A Status Report
Than Ever Before
March 14, 2018
According to a CNN report, in 2017, the Census Bureau reported that a record number of adults in the U.S. were not married. More than 110 million residents were divorced or widowed or had always been single; that’s more than 45 percent of all Americans aged 18 or older. And people who did marry were taking longer than ever to get there.
The median age of first marriage rose to 29.5 for men; for women, it reached 27.4. (These trends are likely to continue: A report from the Pew Research Center a few years ago predicted that by the time today’s young adults reach the age of 50, about one in four of them will have been single all their life.)
Living alone is also becoming more popular. Last summer, the Canadian press was abuzz with the news that for the first time in the nation’s history, more people were living in one-person households than in any other arrangement. In the U.S., the number of people living without a spouse or partner rose to 42 percent last year, up from 39 percent a decade ago.
Individualistic practices like living alone aren’t just Western phenomena — they’ve gone global. In analyses of a half-century of data (1960-2011) from 78 nations around the world, psychology researcher Henri C. Santos and his colleagues found that the popularity of such practices grew significantly for 83 percent of the countries with relevant data. Individualistic beliefs, like valuing friends more than family, have also been on the rise, increasing significantly for 79 percent of the nations across the five decades.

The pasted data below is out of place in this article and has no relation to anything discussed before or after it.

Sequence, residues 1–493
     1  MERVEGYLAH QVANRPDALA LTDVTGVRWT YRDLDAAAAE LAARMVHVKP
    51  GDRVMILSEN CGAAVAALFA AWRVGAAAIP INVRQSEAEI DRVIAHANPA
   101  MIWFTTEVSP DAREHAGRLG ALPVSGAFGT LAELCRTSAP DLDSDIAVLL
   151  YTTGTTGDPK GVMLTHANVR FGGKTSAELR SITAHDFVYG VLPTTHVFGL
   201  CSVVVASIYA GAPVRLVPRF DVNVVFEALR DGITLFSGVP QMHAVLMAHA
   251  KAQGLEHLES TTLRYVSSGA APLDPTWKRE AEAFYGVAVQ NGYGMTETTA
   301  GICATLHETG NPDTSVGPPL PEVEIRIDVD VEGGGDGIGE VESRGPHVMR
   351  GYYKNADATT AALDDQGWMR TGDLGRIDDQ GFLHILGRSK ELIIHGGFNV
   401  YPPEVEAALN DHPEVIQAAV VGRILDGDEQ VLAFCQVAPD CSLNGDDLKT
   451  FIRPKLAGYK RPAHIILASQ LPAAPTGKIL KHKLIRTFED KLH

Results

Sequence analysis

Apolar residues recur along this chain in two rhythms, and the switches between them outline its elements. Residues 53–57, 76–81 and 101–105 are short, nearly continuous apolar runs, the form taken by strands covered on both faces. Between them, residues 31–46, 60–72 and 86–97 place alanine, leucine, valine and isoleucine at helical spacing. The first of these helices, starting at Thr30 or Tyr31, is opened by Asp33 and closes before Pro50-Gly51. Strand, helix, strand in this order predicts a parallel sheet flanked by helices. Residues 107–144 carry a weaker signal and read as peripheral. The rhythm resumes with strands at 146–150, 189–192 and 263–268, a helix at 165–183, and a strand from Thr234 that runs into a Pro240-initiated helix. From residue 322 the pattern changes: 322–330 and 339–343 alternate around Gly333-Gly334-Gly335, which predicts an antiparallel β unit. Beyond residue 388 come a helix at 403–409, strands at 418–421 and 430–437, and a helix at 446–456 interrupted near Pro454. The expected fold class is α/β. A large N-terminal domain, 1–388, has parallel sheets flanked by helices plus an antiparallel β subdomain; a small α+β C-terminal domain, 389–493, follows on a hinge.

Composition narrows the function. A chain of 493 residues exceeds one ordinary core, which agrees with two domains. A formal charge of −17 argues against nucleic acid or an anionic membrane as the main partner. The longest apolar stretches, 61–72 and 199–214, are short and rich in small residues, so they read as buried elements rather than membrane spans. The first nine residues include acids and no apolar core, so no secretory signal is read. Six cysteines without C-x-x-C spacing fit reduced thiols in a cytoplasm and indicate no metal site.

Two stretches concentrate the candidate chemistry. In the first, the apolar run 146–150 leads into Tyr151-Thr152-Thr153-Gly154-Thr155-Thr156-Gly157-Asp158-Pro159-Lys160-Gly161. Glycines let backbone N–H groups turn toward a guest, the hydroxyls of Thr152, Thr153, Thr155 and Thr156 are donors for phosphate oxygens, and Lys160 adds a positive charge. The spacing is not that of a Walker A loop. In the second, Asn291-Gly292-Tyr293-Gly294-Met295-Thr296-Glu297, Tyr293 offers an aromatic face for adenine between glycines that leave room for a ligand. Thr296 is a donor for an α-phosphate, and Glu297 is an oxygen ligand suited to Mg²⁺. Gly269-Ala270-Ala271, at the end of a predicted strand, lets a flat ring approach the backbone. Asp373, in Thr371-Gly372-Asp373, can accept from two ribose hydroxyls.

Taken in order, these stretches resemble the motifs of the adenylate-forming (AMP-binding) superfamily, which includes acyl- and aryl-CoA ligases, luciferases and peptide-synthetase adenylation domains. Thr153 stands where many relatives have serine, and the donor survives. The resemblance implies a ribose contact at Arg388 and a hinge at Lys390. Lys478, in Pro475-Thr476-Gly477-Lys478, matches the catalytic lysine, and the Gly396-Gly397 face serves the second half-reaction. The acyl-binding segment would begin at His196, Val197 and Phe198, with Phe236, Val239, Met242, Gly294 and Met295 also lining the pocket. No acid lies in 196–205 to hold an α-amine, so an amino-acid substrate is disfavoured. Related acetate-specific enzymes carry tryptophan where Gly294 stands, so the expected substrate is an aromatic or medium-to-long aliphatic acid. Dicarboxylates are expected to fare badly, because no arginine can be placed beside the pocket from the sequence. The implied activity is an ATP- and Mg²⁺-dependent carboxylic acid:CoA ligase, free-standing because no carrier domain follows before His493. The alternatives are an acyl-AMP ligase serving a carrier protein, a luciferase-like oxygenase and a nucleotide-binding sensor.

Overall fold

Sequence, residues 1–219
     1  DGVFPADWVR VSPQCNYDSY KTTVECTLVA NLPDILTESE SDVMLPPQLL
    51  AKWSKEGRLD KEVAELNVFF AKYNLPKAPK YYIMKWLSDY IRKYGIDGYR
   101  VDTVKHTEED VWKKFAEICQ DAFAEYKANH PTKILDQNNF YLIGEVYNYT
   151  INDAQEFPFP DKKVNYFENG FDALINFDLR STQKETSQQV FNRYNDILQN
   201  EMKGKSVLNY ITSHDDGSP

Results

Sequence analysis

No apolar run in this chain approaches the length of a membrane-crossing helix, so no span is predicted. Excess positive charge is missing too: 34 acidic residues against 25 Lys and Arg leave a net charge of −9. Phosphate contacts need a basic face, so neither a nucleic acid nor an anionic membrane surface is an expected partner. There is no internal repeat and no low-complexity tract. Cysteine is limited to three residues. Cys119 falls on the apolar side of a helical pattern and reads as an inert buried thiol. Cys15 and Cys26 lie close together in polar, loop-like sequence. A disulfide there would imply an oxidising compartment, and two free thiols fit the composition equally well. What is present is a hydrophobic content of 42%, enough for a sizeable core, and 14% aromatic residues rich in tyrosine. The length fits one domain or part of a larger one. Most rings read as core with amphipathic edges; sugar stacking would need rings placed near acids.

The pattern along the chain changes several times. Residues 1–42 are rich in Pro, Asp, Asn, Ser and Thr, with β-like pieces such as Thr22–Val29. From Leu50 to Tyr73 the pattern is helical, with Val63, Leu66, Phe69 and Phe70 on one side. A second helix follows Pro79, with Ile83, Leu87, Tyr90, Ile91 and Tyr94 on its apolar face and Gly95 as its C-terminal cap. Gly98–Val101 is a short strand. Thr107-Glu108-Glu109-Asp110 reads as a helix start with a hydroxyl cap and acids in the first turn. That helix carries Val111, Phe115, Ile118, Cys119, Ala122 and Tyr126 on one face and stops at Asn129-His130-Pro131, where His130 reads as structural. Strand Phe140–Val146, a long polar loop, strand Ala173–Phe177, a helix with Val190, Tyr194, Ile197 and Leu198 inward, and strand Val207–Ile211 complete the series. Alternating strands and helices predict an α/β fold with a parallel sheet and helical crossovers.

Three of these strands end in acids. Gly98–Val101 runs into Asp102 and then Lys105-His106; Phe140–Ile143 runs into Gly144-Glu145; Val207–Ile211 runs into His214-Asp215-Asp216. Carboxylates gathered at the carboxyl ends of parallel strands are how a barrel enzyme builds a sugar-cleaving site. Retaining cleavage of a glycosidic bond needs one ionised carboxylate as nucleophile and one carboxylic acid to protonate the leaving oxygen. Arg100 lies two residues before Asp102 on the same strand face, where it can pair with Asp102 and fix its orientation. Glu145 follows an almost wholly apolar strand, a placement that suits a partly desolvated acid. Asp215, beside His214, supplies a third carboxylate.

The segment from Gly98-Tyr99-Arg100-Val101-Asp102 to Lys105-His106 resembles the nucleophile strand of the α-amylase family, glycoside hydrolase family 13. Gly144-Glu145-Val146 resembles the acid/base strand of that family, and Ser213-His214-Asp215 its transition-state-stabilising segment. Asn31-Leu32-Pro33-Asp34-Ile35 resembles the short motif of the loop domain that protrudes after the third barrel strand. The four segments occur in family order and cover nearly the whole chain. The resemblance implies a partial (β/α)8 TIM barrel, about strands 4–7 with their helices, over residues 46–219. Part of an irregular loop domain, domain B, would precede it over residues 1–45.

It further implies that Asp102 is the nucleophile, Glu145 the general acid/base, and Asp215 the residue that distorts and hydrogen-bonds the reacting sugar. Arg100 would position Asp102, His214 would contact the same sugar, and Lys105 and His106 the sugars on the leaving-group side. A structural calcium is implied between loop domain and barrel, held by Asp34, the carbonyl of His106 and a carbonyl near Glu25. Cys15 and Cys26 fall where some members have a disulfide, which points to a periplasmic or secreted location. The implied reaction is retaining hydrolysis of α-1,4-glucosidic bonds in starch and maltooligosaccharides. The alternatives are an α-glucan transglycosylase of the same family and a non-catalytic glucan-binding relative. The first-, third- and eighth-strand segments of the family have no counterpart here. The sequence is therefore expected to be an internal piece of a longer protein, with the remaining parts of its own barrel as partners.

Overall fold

A half-century ago, Americans who had not yet married wouldn’t be considered real adults. That’s no longer the case. According to a 2017 Census Bureau report, more than half of the participants in a nationally representative sample (55 percent) said that getting married was not an important criterion for becoming an adult. The same percentage also said that having a child was not an important milestone of adulthood. More important now is completing formal schooling and having full-time employment; 95 percent said that each of those criteria was at least somewhat important.